Webbing strap about 1.5 m long with snap hooks. Fastened to the personal safety harness and the boat.
A place where sails are made and repaired.
A part of the Beaufort scale which describes the height and danger of the wave formation caused by wind.
The distance between the boats measured 90 degrees on a line running from start to finish.
Between 50 and 60 degrees south.
Metal fitting for attaching ropes to blocks, blocks to pad eyes etc.
Rope that controls a sail.
Wires, rods or a special construction attached to the side of the mast and usually lead over spreaders, helping to hold up the mast and to control its bend.
The person in charge onboard.
A fitting fastened each side of the hull skin. Can be opened in order to pass fluids in or out.
Quick release shackle used to attach things like spinnaker sheets to spinnakers. Usually released by poking a spike through an aperture in the shackle which releases a trigger - which is why bowmen have spikes slung on their climbing harnesses.
Numbers on a chart showing depth.
Ocean between Antarctica and around 40 degrees south.
A part of the rig used to support a sail, for instance, mast, boom, spinnaker pole, bowsprit.
Big, lightweight sail for faster sailing off the wind. Divided into asymmetric and symmetrical spinnakers, Volvo Open 70s generally use only asymmetric spinnakers.
A strut from the side of the mast used to give a wider angle to stays and therefore reduce compression on the mast.
Tides with the biggest range and strongest currents.
Right hand side of the boat (facing forwards).
Part of the rigging (standing rigging) used to hold up the mast. A generic term for the individual parts of standing rigging like forestays, backstays, cap shrouds, intermediates and diagonals.
A small headsail set back from the bow and between the jib and mainsail to effectively narrow the slot between the jib and the mainsail. Also used when sailing at certain wind angles with an asymmetrical spinnaker.
Someone who is dressed to go on deck even if he is off watch.
Shrouds and stays which keep the mast in place.
Posts which hold life lines along the rail.
The sails' position when sailing with the wind from starboard.
A new tactical initiative for the 2008-09 race, gives the crews one opportunity on each of the longer legs to have their location hidden from position reports and the public for 24 hours (increased from 12 hours from Leg 5 onwards).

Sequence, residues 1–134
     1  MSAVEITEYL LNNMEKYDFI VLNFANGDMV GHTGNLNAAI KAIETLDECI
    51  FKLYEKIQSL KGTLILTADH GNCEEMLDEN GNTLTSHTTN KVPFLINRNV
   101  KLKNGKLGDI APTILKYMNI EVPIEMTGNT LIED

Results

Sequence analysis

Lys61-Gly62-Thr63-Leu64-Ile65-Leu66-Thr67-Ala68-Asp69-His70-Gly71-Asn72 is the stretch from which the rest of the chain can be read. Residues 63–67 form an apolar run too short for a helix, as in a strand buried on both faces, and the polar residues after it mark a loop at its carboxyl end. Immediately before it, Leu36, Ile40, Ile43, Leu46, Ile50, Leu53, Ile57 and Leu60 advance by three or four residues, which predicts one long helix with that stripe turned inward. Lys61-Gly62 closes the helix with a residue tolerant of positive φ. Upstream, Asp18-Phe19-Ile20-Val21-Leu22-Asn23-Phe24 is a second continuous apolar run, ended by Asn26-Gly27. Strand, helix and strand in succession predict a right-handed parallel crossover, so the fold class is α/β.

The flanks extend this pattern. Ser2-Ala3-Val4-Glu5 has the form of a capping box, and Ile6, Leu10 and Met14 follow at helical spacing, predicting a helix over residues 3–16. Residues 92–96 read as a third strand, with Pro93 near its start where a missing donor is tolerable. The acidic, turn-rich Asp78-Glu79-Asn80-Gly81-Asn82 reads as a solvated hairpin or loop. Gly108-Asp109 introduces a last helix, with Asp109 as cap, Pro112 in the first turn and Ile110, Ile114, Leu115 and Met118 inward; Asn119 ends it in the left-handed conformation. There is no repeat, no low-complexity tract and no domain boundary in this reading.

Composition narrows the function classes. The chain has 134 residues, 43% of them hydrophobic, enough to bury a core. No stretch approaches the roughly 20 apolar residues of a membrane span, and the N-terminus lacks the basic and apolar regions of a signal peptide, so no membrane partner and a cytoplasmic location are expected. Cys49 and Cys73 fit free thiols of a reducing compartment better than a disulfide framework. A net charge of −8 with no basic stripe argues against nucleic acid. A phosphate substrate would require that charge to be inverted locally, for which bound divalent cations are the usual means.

In order to deploy a StealthPlay, a team must call Race Headquarters within 30 minutes of the position report being released. The play will last for the next 12 hours and the boat's position will not be shown on the three scheduled reports normally released within that period. The boat will become visible again at the next position report after that period.
Race HQ will continue to monitor each boat's progress every 15 minutes for safety reasons, but this information is not made public until the StealthPlay is over.
Position reporting times will be every three hours at 1000, 1300, 1600, 1900, 2200.
Back of the boat.
A headsail fastened on the forestay used in winds over 60 knots.
A small emergency light which gives of sharp blinks. Everyone carries one at night.
A cloud formation containing wind and rain.
A change of direction by turning the bow of the boat through the wind. Bottom forward corner of a sail.
Line that attaches the tack of an asymmetric spinnaker to the bowsprit or spinnaker pole. The tack is adjustable to allow the set of the sail to be altered for different wind conditions and to make it easier to take down.
A system of blocks arranged so as to multiply the power being applied to a rope or line. For instance a four to one tackle will increase the force applied by four, at the expense of having to move four times as much rope.
Depth of water above chart datum.
Difference between low and high water.
Direction of the tide's flow.
A horizontal rod, bar or similar device attached to the top of the rudder and used to steer the boat.
The side of the boat the wind is blowing out from.
The side of the boat the wind is blowing onto.
Forces that twist, for example on the keel.
The stable, strong wind which blows both sides of the equator.
Lining up two fixed objects to keep you on course, for example, if the tide is pushing you sideways.
The flat bit across the back - or stern - of the boat.
A moving car, usually with ball bearings, that runs on specially made track to allow a sheet lead to be adjusted.
Keeping the boat level fore and aft.
Crew member with special responsibility for adjusting the sails to every nuance of wind speed or direction.
The direction and strength of the wind when the boat is dead in the water. When underway, instruments calculate the true wind by taking into account boat speed and relative wind.
An emergency sail for very severe wind conditions. Made from heavyweight synthetic sail cloth, usually set without a boom and often tied round the mast so it can be used if there has been a major failure of the mainsail or mast.